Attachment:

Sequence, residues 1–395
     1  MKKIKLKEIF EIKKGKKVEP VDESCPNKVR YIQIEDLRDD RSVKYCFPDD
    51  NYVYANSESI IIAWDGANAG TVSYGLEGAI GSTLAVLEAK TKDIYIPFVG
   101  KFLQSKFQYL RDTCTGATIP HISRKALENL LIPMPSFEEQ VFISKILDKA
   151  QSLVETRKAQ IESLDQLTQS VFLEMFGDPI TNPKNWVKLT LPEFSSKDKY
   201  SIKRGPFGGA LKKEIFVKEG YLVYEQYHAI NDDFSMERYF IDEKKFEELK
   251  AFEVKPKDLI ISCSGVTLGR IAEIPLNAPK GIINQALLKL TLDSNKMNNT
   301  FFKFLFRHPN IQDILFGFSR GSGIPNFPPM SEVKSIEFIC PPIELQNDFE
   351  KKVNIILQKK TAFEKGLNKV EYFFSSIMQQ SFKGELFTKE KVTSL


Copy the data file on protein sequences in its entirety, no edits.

Sequence, residues 1–395
     1  MKKIKLKEIF EIKKGKKVEP VDESCPNKVR YIQIEDLRDD RSVKYCFPDD
    51  NYVYANSESI IIAWDGANAG TVSYGLEGAI GSTLAVLEAK TKDIYIPFVG
   101  KFLQSKFQYL RDTCTGATIP HISRKALENL LIPMPSFEEQ VFISKILDKA
   151  QSLVETRKAQ IESLDQLTQS VFLEMFGDPI TNPKNWVKLT LPEFSSKDKY
   201  SIKRGPFGGA LKKEIFVKEG YLVYEQYHAI NDDFSMERYF IDEKKFEELK
   251  AFEVKPKDLI ISCSGVTLGR IAEIPLNAPK GIINQALLKL TLDSNKMNNT
   301  FFKFLFRHPN IQDILFGFSR GSGIPNFPPM SEVKSIEFIC PPIELQNDFE
   351  KKVNIILQKK TAFEKGLNKV EYFFSSIMQQ SFKGELFTKE KVTSL